BACH on SILBERMANN ORGANS 2
played by Robert Köbler
* CLICK LINKED NUMBERS TO DOWNLOAD *
1. Fantasie in G Major BWV 572|
2. Allabreve in D Major BWV 589
3. Fantasie and Fugue in c minor BWV 537
4. Prelude and Fugue in e minor BWV 533
7. Prelude and Fugue in a minor BWV 543
That Bach's organ works should be performed on the organs of Gottfried Silbermann could hardly be more appropriate. Bach became known throughout the wider region not only as an organist and improviser, but also as a technician well-versed in the arts of organ building. Bach and Gottfried Silbermann, of similar age and living in the same area, were firm friends and colleagues. They shared an interest and advanced knowledge of acoustics as applied to the voicing and location of organs, and on a personal level we may be certain that Silbermann was a frequent visitor at the Bach home in Leipzig – he was after all godfather to Carl Philipp Emmanuel.
Silbermann was based in Freiberg, Saxony, where he had his workshop. His mainly small village instruments were built to a fairly standard model thus saving tooling costs which were passed on in the form of highest quality materials and workmanship. Perhaps the single most important feature of Gottfried Silbermann's instruments is their distinctive sounds. From the silvery flutes to the strong and reedy 16' Posaune in the pedal, Silbermann's sounds were unique, and indeed were constantly praised by organists in their testimonies of his instruments. Frequent reference is made to a play on his name, as organists praised his "Silberklang" or "Silvery Sounds". Mozart was quite clear: "These instruments are magnificent beyond measure".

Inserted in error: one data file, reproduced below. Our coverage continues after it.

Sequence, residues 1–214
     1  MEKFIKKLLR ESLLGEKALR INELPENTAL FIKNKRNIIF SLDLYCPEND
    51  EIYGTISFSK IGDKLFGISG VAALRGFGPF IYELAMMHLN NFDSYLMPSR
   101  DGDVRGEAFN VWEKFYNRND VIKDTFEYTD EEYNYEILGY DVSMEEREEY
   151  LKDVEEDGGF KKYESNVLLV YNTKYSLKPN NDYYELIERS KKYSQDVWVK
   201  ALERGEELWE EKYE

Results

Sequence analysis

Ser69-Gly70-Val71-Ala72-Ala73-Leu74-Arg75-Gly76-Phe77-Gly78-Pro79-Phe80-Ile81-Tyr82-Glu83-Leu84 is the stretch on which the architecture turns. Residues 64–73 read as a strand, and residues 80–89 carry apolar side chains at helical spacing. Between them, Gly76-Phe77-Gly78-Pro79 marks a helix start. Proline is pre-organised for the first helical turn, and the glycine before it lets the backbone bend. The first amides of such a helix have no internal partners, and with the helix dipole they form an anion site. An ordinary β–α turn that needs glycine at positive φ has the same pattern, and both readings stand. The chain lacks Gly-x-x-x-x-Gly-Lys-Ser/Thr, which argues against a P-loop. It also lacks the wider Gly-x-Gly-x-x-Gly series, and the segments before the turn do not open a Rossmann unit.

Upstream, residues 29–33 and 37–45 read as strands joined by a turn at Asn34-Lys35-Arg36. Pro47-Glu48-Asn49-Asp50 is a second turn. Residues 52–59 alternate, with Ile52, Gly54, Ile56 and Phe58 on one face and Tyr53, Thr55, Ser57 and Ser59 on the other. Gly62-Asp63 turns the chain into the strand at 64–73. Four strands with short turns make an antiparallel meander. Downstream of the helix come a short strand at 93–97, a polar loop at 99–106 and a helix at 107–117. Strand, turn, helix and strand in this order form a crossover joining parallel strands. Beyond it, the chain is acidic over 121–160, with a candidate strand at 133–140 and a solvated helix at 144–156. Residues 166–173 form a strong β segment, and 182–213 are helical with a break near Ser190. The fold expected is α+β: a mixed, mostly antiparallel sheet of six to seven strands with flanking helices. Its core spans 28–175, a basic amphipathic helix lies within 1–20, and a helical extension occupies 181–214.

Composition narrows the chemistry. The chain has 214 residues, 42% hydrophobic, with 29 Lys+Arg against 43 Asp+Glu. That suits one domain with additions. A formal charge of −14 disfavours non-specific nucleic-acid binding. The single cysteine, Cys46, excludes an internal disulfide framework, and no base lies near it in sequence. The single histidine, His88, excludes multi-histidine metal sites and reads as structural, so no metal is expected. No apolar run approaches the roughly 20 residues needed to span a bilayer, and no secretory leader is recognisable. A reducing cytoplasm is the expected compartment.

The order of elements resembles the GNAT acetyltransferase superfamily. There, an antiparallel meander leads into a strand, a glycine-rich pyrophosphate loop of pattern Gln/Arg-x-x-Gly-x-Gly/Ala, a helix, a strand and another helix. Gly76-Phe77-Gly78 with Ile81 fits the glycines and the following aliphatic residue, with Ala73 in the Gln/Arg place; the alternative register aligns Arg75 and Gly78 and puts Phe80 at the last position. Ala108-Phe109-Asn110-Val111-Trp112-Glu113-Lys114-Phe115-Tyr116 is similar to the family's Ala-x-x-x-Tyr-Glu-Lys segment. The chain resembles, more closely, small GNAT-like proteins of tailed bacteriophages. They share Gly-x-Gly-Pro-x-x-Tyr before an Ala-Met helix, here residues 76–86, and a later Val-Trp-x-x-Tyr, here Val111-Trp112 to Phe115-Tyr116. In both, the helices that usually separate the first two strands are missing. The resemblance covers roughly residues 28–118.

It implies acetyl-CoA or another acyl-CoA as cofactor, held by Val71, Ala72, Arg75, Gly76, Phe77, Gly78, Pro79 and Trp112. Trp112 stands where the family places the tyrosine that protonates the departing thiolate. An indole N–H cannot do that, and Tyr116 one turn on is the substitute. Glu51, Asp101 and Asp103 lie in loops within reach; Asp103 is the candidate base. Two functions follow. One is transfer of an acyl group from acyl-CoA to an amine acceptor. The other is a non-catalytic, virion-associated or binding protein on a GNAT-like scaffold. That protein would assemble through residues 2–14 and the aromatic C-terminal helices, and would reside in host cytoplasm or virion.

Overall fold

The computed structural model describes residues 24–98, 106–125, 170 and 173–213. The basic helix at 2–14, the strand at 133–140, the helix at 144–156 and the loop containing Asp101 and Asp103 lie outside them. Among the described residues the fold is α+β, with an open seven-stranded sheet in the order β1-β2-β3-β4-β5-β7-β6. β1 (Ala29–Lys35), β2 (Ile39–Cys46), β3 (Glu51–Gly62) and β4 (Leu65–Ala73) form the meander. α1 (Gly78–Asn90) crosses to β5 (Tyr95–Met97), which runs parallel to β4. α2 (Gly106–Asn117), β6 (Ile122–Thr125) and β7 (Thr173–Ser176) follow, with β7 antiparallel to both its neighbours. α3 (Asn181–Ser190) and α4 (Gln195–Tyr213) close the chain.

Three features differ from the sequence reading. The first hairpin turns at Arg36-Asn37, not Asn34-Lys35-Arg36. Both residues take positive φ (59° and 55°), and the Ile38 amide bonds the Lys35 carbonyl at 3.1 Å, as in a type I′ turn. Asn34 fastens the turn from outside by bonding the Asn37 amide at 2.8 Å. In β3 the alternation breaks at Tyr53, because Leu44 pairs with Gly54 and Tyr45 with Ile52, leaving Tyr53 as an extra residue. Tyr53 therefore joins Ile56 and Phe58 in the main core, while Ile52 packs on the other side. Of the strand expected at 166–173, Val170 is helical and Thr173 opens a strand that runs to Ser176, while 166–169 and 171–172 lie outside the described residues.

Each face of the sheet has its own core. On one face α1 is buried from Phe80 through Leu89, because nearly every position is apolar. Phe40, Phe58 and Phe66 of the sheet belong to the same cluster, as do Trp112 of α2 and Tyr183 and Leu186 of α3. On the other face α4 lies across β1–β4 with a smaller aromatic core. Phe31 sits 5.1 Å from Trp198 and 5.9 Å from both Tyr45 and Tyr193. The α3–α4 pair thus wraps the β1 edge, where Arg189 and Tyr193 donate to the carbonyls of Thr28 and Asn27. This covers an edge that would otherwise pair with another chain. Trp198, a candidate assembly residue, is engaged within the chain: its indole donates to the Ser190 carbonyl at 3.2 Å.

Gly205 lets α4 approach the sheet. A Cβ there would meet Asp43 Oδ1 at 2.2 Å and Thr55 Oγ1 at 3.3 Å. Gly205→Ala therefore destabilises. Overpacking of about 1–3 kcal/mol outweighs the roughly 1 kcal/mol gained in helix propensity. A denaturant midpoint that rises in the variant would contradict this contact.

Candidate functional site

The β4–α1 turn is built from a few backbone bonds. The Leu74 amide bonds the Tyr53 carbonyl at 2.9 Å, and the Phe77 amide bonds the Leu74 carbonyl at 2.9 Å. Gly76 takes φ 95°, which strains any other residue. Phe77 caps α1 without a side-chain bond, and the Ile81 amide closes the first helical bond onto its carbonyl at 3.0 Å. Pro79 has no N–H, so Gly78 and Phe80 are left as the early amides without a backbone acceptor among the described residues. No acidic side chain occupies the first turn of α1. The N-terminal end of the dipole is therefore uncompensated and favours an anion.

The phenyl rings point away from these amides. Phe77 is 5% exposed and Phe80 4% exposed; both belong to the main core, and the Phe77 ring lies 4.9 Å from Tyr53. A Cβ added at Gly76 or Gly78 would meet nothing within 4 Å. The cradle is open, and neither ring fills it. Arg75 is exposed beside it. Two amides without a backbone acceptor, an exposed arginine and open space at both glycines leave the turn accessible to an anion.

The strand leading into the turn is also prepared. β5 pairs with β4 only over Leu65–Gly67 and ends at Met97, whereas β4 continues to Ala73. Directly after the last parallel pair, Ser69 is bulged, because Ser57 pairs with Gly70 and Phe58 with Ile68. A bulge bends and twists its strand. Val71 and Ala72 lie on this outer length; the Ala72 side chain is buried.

On October 27th, 1738 a new church for the village of Grosshartmannsdorf was dedicated, and Gottfried Silbermann was contracted to supply a new organ. In May 1740 the organ case was completed, and in the month of July, 1741, the case was painted. On August 15th 1741 twelve 4-axel wagons made the journey from Silbermann's workshop in Freiberg bringing all the necessary materials, together with Master Silbermann and four apprentices. They were lodged in the village. Fifteen weeks later the organ was completed. It was inaugurated on December 3rd, 1741 by (Freiberg) Cathedral organist Erselius. The organ has two manuals and pedal, with 21 speaking stops, and retains its original sound and character. The notes enclosed with the disc give the full specification.
To learn more about the master Saxon organ-builder, check the official Gottfried Silbermann Museum website: